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20 March 2024

Letter of the week: In search of empathy

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I read Howard Jacobson’s response to Jonathan Glazer’s Oscars speech (Another Voice, 15 March) with interest, but also with a kind of weary sorrow. Behind Jacobson’s finely wrought arguments, I detect an indifference to the pain our fellow Jews have inflicted on Palestinians in the past 75 years. My revulsion on hearing of the 7 October attacks does not eclipse my dismay about Israeli oppression of the Palestinians: the land grabs, the domicide, the killings. Full disclosure: I’m the child of Holocaust survivors.

I am sure readers of this paper are familiar with the human rights abuses committed in the occupied territories by both the Israeli army and illegal settlers. As for the carnage in Gaza, in this latest and most ferocious assault on the Strip: well, I suppose one can always turn off the TV and radio, can dismiss these “alleged” atrocities as Hamas propaganda. Deep down, though, I envy Jacobson. How fortunate he is, to feel able donnishly to analyse Glazer’s language, rather than feeling – and expressing – a visceral horror and shame. We Jews, of all people, should know better.
Vera Lustig, Walton-on-Thames, Surrey

How are the kids, really?

What a contrast between Ed Smith’s review of Jonathan Haidt’s The Anxious Generation and Lyndsey Stonebridge’s review of Judith Butler’s Who’s Afraid of Gender? (The Critics, 15 March). For Stonebridge and Butler, essentially “the kids are all right”. Both wear their respectful hearts for their students’ “teaching” on matters of gender on their sleeves. We are encouraged to think about the young’s bemusement at us tired old boomers with our inadequate concepts, to appreciate the ironic, playful nature of their gender choices. By contrast, Haidt and Smith paint a gloomier picture of anxious young people, deprived of play-based childhood and now hooked on anxiety-producing smartphones that seem to have levelled their intelligence and ability to concentrate. These visions of contemporary youth seem incompatible with each other. Which is right?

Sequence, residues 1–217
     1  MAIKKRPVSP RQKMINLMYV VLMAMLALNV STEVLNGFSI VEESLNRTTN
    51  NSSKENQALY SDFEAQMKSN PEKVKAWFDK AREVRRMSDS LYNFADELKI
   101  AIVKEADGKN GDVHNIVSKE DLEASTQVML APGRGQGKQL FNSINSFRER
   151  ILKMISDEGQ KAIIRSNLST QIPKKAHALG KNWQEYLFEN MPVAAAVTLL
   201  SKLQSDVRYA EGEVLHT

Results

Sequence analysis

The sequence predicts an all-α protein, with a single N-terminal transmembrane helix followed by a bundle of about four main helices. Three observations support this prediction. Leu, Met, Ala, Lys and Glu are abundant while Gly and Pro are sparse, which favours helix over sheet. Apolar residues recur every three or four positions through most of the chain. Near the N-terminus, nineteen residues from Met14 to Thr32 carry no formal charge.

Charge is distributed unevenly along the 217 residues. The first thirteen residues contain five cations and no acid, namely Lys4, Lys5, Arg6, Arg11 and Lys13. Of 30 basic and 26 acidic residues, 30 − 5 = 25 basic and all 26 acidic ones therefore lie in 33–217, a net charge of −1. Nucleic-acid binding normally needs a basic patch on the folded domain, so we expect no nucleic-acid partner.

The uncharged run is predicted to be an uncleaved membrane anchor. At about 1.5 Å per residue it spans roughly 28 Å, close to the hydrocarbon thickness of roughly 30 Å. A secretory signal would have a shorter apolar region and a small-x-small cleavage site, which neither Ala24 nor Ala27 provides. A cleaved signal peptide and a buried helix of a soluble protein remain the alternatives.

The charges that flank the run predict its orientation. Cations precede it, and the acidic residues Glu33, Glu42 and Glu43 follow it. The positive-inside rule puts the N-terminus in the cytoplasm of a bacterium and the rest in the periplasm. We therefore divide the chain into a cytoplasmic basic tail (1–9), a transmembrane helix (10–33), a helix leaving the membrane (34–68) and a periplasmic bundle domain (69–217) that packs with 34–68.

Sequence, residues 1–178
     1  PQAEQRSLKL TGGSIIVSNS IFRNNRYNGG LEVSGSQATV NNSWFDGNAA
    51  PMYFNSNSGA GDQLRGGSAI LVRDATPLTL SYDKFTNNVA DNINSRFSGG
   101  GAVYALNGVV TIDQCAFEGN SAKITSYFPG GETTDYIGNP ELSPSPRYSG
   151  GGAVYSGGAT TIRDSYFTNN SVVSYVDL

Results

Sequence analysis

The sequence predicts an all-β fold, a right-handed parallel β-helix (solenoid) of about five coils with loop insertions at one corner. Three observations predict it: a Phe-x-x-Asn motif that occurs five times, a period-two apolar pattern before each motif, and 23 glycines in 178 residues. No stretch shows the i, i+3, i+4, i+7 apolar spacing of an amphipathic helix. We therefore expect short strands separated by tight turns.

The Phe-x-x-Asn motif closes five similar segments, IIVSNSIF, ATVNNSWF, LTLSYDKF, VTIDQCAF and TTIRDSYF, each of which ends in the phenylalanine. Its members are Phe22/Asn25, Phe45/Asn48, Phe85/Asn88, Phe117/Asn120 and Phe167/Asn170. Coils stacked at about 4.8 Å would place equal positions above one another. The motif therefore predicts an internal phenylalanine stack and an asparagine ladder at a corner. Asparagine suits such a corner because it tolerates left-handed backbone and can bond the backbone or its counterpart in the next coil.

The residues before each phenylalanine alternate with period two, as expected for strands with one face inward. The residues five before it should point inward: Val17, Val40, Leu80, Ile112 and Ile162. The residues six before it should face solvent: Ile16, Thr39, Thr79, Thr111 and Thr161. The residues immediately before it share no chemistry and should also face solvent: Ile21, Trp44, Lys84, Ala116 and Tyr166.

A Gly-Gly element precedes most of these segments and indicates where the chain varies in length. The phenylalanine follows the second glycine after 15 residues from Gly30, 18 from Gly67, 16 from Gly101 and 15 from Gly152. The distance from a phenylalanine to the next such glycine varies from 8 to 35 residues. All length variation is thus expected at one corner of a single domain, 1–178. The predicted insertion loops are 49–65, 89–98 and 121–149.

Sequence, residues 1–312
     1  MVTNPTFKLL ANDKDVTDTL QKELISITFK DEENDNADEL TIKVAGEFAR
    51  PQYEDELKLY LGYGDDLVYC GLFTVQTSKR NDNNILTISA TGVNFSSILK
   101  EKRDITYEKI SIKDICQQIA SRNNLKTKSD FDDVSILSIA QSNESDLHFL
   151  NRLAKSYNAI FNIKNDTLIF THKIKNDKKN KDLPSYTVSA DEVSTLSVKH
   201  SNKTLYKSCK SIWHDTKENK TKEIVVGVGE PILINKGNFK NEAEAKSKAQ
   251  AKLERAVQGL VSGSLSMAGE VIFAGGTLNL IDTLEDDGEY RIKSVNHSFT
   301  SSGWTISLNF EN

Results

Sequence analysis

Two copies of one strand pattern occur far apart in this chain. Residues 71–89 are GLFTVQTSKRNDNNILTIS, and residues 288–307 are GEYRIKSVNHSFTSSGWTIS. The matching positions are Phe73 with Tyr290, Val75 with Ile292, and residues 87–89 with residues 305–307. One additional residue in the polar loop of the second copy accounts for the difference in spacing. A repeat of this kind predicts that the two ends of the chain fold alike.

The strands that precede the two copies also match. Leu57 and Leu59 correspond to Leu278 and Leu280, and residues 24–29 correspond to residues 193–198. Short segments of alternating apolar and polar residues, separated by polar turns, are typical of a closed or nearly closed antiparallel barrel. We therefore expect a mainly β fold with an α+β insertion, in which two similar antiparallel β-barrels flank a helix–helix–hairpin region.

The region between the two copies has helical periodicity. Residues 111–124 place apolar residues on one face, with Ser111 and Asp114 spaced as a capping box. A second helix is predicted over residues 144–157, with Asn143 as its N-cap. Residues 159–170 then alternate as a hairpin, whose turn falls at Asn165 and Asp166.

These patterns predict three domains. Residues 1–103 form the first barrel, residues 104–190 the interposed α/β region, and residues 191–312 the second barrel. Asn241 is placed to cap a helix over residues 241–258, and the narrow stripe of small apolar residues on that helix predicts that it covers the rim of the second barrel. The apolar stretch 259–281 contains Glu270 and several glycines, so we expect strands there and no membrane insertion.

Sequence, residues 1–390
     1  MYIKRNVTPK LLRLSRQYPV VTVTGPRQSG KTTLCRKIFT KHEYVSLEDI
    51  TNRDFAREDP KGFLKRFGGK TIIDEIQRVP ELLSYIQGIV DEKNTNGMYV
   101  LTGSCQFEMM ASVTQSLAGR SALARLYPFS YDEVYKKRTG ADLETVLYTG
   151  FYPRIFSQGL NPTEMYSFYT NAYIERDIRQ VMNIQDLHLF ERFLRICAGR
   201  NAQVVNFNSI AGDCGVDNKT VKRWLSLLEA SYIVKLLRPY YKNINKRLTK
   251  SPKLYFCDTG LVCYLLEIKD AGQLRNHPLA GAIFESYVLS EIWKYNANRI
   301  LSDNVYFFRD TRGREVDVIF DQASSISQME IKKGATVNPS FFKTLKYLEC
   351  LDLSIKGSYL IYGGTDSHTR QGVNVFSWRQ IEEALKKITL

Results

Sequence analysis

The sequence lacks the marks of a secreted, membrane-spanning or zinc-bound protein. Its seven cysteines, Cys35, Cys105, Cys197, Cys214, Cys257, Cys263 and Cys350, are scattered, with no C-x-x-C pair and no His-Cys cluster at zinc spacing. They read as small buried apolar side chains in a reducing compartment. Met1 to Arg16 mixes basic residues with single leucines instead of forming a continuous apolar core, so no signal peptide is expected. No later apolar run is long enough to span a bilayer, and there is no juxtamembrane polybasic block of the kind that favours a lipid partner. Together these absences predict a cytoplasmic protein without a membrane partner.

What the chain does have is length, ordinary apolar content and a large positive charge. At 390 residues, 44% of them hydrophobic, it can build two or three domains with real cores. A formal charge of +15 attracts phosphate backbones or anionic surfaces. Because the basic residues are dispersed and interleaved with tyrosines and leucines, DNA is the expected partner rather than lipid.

Adrian Matthews, Cambridge

Lyndsey Stonebridge’s review (The Critics, 15 March) of Judith Butler’s latest offering appears merely an attempt to misrepresent those who think biological sex is real and sometimes matters. Concern about “gender-neutral” provision doesn’t mean we think all men are dangerous, but that exclusion of men from, for example, women’s changing rooms and domestic-abuse refuges has ensured the abusive ones aren’t getting in. Conservative thinkers are not seen as “allies” by gender-critical feminists; we know about their agenda to box women back in.

“Those who shout loudest about gender are usually middle-aged and older” because we speak from experience, and women in work have their lives made difficult if they assert the importance of sex. As for trans women of colour being most subject to violent crime, this is largely to do with Brazilian trans prostitutes, scarcely a statistic of relevance to women’s experience in the UK or elsewhere.
Alice Bondi, Alston Moor, Cumbria